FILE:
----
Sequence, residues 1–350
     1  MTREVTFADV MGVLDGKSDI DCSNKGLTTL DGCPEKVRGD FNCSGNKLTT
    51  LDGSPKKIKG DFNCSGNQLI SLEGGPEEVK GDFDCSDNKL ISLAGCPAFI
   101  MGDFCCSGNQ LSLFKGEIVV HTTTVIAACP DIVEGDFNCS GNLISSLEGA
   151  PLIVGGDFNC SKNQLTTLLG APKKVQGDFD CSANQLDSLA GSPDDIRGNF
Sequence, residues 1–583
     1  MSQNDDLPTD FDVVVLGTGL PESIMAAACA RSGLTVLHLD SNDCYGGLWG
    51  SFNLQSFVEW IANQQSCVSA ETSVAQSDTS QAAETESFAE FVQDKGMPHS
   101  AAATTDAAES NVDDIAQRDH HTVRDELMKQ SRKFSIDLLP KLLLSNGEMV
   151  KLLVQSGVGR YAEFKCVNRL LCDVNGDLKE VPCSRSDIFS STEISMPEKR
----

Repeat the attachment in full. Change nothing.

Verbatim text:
Sequence, residues 1–350
     1  MTREVTFADV MGVLDGKSDI DCSNKGLTTL DGCPEKVRGD FNCSGNKLTT
    51  LDGSPKKIKG DFNCSGNQLI SLEGGPEEVK GDFDCSDNKL ISLAGCPAFI
   101  MGDFCCSGNQ LSLFKGEIVV HTTTVIAACP DIVEGDFNCS GNLISSLEGA
   151  PLIVGGDFNC SKNQLTTLLG APKKVQGDFD CSANQLDSLA GSPDDIRGNF
Sequence, residues 1–583
     1  MSQNDDLPTD FDVVVLGTGL PESIMAAACA RSGLTVLHLD SNDCYGGLWG
    51  SFNLQSFVEW IANQQSCVSA ETSVAQSDTS QAAETESFAE FVQDKGMPHS
   101  AAATTDAAES NVDDIAQRDH HTVRDELMKQ SRKFSIDLLP KLLLSNGEMV
   151  KLLVQSGVGR YAEFKCVNRL LCDVNGDLKE VPCSRSDIFS STEISMPEKR